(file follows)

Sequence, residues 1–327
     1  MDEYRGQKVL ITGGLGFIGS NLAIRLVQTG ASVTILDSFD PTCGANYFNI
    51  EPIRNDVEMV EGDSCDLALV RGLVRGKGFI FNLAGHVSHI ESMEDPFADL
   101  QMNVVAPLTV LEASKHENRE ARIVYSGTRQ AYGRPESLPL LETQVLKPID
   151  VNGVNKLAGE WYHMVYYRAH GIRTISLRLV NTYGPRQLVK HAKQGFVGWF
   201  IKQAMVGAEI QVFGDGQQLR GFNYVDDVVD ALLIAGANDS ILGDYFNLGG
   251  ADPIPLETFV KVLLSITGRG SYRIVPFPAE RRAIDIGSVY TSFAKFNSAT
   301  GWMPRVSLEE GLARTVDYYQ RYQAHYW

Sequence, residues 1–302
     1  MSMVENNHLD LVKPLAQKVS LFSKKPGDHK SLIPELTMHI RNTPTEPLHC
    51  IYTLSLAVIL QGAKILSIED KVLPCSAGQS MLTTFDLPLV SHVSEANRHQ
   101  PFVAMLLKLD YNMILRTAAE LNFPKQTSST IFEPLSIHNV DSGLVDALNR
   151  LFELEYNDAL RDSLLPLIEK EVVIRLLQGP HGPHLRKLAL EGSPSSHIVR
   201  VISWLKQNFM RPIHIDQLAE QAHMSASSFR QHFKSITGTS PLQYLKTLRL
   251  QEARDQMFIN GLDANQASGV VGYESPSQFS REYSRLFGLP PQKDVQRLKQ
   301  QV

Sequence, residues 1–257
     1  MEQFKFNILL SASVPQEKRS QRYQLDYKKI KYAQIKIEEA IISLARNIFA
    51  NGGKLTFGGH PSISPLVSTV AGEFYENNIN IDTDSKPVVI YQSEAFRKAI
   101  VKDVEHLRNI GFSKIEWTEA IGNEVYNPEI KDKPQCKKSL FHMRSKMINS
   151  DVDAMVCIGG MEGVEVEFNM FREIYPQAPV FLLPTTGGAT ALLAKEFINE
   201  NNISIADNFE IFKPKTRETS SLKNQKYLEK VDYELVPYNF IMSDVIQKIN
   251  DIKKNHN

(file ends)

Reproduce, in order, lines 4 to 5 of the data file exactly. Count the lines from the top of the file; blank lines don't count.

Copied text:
   101  QMNVVAPLTV LEASKHENRE ARIVYSGTRQ AYGRPESLPL LETQVLKPID
   151  VNGVNKLAGE WYHMVYYRAH GIRTISLRLV NTYGPRQLVK HAKQGFVGWF